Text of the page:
He also said the workshop was an opportunity to have a conversation about what the workplace of the future would be like in the context of socio-development of Nigeria.
Nwodo, explained that the workplace of the future is characterised by certain disruptions, adding that it is unstructured and there is a high context of artificial intelligence or AI machine learning, and others.
According to him, “The disruption brought by technology is not helping grow businesses in the workplace because what is happening is a shift. For instance, more robotics are being deployed to the workplace. There is also an opportunity for those who are supposed to be doing the work of the robot being the ones producing the robots. Therefore people have moved away from doing the work of the robots to actually manufacturing the robots, hence there is a shift in the definition of work and there is also a shift in the content of training and skill that is required to be successful in the workplace.”
In his remarks, the Regional Director, Ford Foundation, West Africa, Innocent Chukwuma, noted that the foundation is committed in preparing young people for the life ahead, adding that the future belongs to the youths.
He also stated that human capital is the most suitable resource any nation can have, not oil, gold or diamond, noting that natural resources faces the problem of depletion, “but well trained and motivated workforce can take any nation to great height and that makes the difference between a first, second and third world.”
According to Chukwuma, “For us as a regional office, if you look at the number one generator of foreign exchange to Nigeria presently is diaspora remittances, in 2018; it amounted to $22 billion whereas if you at this year’s budget, the expected revenue from oil and gas is N12.5 billion which means human capital generates for the oil revenue.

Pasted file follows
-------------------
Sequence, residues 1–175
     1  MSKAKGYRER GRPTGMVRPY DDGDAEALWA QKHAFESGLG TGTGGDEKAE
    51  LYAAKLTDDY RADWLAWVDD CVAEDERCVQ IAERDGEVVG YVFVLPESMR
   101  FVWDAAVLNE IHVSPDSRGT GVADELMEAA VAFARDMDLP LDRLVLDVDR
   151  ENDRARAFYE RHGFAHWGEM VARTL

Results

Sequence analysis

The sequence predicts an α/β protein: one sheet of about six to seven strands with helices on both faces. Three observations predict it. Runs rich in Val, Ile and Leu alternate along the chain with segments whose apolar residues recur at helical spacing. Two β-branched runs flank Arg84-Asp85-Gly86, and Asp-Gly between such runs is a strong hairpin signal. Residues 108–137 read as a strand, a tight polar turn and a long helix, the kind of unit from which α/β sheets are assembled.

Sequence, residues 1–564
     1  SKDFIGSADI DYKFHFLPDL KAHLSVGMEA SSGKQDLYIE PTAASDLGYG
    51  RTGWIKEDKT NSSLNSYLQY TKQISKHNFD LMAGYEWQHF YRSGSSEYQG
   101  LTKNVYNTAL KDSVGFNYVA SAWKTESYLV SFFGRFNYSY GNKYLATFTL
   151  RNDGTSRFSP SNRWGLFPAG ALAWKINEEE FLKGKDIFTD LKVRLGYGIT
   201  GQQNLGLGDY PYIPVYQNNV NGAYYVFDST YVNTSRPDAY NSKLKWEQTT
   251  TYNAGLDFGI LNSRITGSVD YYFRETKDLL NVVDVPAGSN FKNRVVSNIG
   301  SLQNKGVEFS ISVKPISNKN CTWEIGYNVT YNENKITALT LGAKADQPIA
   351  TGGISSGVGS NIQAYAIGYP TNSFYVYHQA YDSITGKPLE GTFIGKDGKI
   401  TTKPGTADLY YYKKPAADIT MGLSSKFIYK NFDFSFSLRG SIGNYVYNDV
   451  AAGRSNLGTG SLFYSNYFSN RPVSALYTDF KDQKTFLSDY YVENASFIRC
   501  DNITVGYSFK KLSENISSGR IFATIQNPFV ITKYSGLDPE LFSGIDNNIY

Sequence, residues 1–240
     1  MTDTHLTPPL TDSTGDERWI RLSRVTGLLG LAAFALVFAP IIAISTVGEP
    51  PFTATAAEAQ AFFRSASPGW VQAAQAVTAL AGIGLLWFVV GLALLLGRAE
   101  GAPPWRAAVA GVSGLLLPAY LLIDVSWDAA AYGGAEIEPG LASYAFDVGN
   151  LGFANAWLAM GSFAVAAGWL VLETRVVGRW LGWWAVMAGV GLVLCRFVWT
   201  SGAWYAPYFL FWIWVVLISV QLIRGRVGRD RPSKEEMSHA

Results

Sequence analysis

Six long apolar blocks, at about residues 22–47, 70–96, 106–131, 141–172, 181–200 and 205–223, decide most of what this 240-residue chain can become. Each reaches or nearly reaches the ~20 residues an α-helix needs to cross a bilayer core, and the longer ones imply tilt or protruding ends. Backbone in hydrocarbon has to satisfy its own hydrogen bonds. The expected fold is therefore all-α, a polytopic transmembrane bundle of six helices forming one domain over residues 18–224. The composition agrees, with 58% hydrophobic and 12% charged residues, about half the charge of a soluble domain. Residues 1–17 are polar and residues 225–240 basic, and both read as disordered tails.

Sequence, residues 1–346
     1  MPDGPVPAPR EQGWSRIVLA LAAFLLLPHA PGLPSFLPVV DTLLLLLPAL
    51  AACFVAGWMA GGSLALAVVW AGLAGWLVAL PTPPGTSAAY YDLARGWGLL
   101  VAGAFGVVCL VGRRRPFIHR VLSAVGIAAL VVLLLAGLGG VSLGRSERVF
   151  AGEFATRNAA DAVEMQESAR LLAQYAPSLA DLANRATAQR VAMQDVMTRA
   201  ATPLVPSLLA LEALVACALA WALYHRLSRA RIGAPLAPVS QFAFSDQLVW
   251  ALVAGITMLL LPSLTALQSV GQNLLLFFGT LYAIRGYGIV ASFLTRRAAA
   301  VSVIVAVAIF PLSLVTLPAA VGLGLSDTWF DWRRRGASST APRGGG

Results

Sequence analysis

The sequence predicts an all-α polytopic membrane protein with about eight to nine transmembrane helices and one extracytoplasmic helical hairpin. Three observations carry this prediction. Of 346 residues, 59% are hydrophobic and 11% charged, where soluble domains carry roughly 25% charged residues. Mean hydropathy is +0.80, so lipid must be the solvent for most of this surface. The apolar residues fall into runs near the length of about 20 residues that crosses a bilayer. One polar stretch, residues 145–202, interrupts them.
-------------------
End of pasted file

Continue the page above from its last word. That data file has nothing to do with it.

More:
“You also look at how much is Nigeria generating in human capital compared to what Nigeria is investing oil exploration, so that makes the difference, so a workshop like this is important to highlight what needs to be done by the government and young people themselves.
“There is a lot you can say about how much Nigeria has failed its people, how much family has failed you, how much society has failed you, but what you cannot afford to do is to fail yourself and there are things you can do to better prepare yourself for that future. So a workshop like helps to underscore that and also that one of the programmes of ford foundation focuses on the youth because they are the ones we need to pay attention to if we need to have sustainable future.”
On her part, the Permanent Secretary, Ministry of Wealth Creation and Employment, Lagos State, Mrs. Ganiyat Raji, said to be ready for the workplace of the future, there is need for an employee to possess skills relevant for the future of the workplace.
She also noted that there is high unemployment rate in the country, while on the flipside; there are job vacancies in organisations waiting to be occupied by people with the right qualifications and requisite training.
Raji, further noted that preparing the youths for the workplace of the future, requires that a review of the system, adding that the current model of education, career planning, and job searching would shift.
She also stated that considering the dynamism in the global labour market, workers need not wait the shift arising before learning and teaching the new rules of success, this requires the workforce to be proactive and strategic-thinking.